Parent Mindfulness Resources



    Guided audio sessions to help kids calm down, focus their attention, and get ready for whatever's next:



    APP for Guided Meditations and Mindfulness:



    Bringing Calm to the Classroom:



    “How Two Minutes of Mindfulness Can Calm a Class and Boost Attainment”:




    The Mindful Child: How to Help Your Kid Manage Stress and Become Happier, Kinder and More Compassionate by Susan Kaiser Greenland

    Book that offers effective everyday practices for educators and parents to offer enjoyable experiences for children and teens to foster resiliency, attention and resourcefulness.


    The Whole-Brain Child: 12 Revolutionary Strategies to Nurture Your Child’s Developing Mind by Daniel J. Siegel, M.D. and Tina Payne Bryson, Ph.D.

    This amazing book offers practical, insightful and powerful tools to support your child’s developing brains to foster emotional intelligence. Parents will be offered ways to use everyday experiences to help integrate their child’s brain for developing resilience and emotional regulation.  


    Happier by Tal Ben-Shahar Ph.D.

    Can You Learn to Be Happy? YES . . . according to the teacher of Harvard University's most popular and life-changing course. One out of every five Harvard students has lined up to hear Tal Ben-Shahar's insightful and inspiring lectures.


    10% Happier by Dan Harris

    After having a nationally televised panic attack, Dan Harris knew he had to make some changes. 10% Happier takes readers on a ride from the outer reaches of neuroscience to the inner sanctum of network news to the bizarre fringes of America’s spiritual scene, and leaves them with a takeaway that could actually change their lives.


    Mindsight by Daniel J. Siegel

    "Mindsight" is a powerful lens through which we can understand our inner lives with more clarity, integrate the brain, and enhance our relationships with others. Mindsight is a kind of focused attention that allows us to see the internal workings of our own minds. It helps us get ourselves off of the autopilot of ingrained behaviors and habitual responses. It lets us “name and tame” the emotions we are experiencing, rather than being overwhelmed by them.


    Brainstorm by Daniel J. Siegel

    Between the ages of 12 and 24, the brain changes in important, and oftentimes maddening, ways. In Brainstorm, Siegel illuminates how brain development impacts teenagers' behavior and relationships. Drawing on important new research in the field of interpersonal neurobiology, he explores exciting ways in which understanding how the teenage brain functions can help parents make what is in fact an incredibly positive period of growth, change, and experimentation in their children's lives less lonely and distressing on both sides of the generational divide.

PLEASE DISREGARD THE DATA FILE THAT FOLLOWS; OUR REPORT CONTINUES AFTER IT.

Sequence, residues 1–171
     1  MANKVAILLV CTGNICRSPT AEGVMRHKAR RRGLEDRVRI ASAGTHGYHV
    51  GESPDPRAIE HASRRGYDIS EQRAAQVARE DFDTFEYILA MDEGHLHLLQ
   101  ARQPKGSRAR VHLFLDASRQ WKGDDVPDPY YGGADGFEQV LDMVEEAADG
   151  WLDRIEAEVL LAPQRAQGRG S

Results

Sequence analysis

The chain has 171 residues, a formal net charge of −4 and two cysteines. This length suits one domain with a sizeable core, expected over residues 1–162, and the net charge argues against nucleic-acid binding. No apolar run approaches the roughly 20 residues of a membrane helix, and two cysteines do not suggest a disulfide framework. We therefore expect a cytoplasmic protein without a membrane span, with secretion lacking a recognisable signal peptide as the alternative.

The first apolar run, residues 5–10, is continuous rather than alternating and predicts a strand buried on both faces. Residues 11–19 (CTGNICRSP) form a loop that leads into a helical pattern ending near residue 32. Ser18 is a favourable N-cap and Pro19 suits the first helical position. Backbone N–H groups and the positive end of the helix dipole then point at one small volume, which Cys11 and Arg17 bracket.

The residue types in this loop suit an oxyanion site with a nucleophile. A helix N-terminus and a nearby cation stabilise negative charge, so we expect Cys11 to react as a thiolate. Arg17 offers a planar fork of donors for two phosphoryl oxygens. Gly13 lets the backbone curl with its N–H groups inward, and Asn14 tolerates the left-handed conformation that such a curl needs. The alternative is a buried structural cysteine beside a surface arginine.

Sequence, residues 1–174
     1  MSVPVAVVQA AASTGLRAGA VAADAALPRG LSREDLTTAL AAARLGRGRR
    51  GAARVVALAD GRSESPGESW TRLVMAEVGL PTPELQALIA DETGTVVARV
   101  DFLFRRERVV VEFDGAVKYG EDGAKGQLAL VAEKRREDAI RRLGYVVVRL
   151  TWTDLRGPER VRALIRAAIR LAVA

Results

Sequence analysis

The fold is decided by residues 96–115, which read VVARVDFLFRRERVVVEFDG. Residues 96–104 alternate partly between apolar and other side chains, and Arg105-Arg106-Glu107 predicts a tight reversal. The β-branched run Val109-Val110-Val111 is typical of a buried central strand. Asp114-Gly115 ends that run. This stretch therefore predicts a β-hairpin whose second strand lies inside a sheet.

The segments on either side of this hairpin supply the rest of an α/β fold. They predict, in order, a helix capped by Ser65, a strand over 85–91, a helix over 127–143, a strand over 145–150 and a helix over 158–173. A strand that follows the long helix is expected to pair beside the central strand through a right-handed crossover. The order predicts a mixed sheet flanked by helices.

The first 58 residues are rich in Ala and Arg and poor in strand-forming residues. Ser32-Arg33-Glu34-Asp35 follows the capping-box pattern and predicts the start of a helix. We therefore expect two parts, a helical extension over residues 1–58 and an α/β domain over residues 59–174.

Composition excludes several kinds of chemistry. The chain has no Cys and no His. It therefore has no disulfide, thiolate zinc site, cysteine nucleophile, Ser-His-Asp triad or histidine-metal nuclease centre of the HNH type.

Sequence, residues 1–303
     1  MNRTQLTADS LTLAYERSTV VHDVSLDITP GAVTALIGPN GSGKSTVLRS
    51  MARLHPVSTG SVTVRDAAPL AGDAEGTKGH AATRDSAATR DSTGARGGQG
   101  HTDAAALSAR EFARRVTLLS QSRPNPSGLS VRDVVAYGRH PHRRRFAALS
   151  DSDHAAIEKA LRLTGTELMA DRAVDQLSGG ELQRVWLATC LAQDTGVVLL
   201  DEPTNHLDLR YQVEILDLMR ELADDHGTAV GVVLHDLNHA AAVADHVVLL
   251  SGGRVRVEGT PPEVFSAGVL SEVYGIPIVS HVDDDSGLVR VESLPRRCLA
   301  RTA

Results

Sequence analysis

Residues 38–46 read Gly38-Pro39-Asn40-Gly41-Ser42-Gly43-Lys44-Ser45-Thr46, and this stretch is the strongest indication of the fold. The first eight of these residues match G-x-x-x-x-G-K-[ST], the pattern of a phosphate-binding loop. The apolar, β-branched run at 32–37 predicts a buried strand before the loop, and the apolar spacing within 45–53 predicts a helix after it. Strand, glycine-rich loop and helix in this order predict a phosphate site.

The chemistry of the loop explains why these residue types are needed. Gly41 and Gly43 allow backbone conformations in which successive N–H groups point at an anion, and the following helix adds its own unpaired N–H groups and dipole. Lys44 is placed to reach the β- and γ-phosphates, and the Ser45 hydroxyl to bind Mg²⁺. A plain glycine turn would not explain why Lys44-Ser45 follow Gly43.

Hardwiring Happiness by Rick Hanson Ph.D.

    Hardwiring Happiness shows how to tap the hidden power of everyday experiences to change your brain and your life for the better.  Using this book, you can beat the brain's negativity bias, which is like Velcro for negative experiences but Teflon for positive ones. This bias evolved to help ancient animals survive, but today it makes us feel needlessly frazzled, worried, irritated, lonely, inadequate, and blue.

    Books to read to a child:

    Master of Mindfulness: How to Be Your Own Superhero in Times of Stress by Laurie Grossman, Angelina Alvarez, Mr. Musumeci’s 5th Grade 5th Class


    Your Fantastic Elastic Brain: Stretch It, Shape It by JoAnn Deak, Ph.D


    Milton’s Secret An Adventure of Discovery through Then, When and the Power of Now by Eckhart Tolle and Robert S. Friedman


    What Does it Mean to be Present? by Rana DiOrio (Author),‎ Eliza Wheeler (Illustrator)


    A Handful of Quiet: Happiness in Four Pebbles by Thich Nhat Hanh  (Author)


    The Lemonade Hurricane: A Story of Mindfulness and Meditation  by Licia Morelli  (Author),‎ Jennifer E. Morris  (Illustrator)


    The Teenage Brain:



    Why Aren’t We Teaching Mindfulness



    Shawn Achor on Happiness as a Competitive Advantage